Hybrids – Vehicles, Battery & Hydraulic Technology

FedEx Retrofits 92 Trucks to Diesel-Electric Power

July 23, 2009

FedEx Corp. announced the addition of 92 hybrid-electric trucks to its delivery fleet, the first standard FedEx delivery trucks converted to hybrid-electric systems.

The addition of the 92 trucks increases the FedEx fleet of hybrid-electric vehicles by more than 50 percent, from 172 to 264. FedEx extends its leadership position with the largest fleet of hybrid delivery trucks in North America and continues to demonstrate the everyday viability of these vehicles. The FedEx hybrid-electric fleet has logged more than four million miles of revenue service since being introduced in 2004, reducing fuel use by 150,000 gallons and carbon dioxide emissions by 1,521 metric tons, which is equivalent to removing 279 cars from the road annually.

The hybrid conversions were produced in Charlotte, N.C., during the past six months and created 50 new, temporary green jobs in the area. The converted hybrids were developed with Freightliner Custom Chassis Corporation (FCCC) and Eaton Corporation, which provided the hybrid-electric systems. The standard FedEx trucks used in the retrofit program were 2000 or 2001 models with 300,000 to 500,000 miles driven. An added benefit of the conversion program is that it not only reduces pollution but also extends the life of the vehicles, helping to eliminate waste production and creating a reduce-and-reuse program.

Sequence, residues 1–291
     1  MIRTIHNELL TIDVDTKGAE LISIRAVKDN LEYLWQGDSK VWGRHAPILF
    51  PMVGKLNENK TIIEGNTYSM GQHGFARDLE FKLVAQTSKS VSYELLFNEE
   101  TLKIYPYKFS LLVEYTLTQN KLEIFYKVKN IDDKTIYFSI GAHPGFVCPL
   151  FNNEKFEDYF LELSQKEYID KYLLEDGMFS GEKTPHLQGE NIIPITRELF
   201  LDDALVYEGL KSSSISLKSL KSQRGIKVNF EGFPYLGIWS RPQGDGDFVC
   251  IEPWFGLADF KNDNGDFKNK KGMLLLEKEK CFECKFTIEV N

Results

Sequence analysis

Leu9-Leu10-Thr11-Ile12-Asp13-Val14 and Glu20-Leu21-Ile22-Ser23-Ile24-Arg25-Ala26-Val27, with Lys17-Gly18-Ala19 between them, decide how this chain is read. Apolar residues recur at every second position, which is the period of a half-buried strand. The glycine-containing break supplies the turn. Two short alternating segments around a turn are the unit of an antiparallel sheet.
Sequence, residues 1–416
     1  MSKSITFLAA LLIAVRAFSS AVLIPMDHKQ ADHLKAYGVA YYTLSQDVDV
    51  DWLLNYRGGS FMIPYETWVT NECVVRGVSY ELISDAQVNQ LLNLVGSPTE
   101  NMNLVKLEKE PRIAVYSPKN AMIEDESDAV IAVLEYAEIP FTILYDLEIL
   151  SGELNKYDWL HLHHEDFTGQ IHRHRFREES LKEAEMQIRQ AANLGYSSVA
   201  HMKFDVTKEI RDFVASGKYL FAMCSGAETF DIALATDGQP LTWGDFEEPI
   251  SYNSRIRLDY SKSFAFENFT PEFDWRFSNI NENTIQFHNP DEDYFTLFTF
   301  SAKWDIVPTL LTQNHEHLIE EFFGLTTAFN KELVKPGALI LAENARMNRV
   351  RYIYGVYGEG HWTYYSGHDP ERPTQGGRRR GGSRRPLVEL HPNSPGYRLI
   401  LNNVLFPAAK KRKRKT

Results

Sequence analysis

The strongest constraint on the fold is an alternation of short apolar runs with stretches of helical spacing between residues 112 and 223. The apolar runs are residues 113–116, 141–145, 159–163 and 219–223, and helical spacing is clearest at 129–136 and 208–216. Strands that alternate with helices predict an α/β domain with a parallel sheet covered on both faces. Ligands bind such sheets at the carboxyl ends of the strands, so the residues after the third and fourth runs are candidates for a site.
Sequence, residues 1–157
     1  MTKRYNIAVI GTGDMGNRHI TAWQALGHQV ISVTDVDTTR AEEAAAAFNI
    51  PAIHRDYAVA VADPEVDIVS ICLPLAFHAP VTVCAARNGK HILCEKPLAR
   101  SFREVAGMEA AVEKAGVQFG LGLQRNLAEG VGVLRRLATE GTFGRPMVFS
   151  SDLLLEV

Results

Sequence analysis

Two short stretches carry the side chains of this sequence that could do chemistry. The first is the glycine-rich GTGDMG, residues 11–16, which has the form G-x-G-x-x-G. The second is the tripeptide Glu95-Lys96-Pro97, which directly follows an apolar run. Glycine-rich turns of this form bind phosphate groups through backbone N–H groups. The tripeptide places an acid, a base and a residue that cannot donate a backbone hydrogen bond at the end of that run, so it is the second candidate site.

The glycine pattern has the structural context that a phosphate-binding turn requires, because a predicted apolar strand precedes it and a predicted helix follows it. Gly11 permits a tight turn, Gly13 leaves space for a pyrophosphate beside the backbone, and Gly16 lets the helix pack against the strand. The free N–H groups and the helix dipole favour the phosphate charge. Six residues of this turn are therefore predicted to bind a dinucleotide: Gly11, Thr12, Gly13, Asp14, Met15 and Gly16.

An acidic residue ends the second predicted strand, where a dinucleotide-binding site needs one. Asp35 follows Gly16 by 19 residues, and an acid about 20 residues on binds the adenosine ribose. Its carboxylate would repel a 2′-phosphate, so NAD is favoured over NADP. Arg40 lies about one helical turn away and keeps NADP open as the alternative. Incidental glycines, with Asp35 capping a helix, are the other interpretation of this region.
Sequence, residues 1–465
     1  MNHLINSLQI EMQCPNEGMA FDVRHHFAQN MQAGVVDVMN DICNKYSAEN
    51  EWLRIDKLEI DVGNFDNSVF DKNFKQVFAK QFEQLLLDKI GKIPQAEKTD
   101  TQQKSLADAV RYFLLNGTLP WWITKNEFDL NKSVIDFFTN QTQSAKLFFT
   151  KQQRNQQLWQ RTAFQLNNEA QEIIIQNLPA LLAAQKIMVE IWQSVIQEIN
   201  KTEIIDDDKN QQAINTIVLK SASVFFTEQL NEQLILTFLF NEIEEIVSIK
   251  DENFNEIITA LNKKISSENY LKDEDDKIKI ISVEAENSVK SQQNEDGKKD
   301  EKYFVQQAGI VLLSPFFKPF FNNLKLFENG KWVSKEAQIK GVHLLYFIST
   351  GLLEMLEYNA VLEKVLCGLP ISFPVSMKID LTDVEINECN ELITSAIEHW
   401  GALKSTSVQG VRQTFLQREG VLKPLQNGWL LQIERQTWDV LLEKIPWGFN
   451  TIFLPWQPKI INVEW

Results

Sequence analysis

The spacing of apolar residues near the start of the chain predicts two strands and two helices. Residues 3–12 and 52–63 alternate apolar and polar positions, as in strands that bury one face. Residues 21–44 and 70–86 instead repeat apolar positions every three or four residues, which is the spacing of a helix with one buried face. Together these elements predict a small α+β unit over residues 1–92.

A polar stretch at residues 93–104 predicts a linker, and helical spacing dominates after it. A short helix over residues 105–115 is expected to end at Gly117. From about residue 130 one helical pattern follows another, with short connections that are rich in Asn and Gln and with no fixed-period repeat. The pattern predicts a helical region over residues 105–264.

"The conversion of these standard FedEx trucks into hybrids is the latest milestone in our drive to advance and adopt hybrid technology into our fleet and the broader industry," said John Formisano, vice president, Global Vehicles, FedEx Express. "FedEx and our suppliers have demonstrated that converted hybrids are a viable, lower-cost option compared to purchasing new hybrids. We now need government incentives to end a Catch-22 situation: Production volumes are low due to high cost, and costs will only come down with higher production volumes."

The retrofit hybrid trucks are projected to improve fuel economy by 44 percent, decrease particulate matter by 96 percent and reduce smog-causing (NOx) emissions by 75 percent compared to the standard FedEx Express delivery truck.

The 92 retrofitted hybrid vehicles will be placed into service in California, primarily in the Los Angeles, San Diego and San Francisco metropolitan areas.

Incentives Encourage Hybrid Development

Formisano applauded the California government for continuing to provide incentive funding for hybrid truck purchases, which allowed FedEx to place its first hybrid truck into service in the state in 2004 and continue to add hybrids to its fleet during the past five years.

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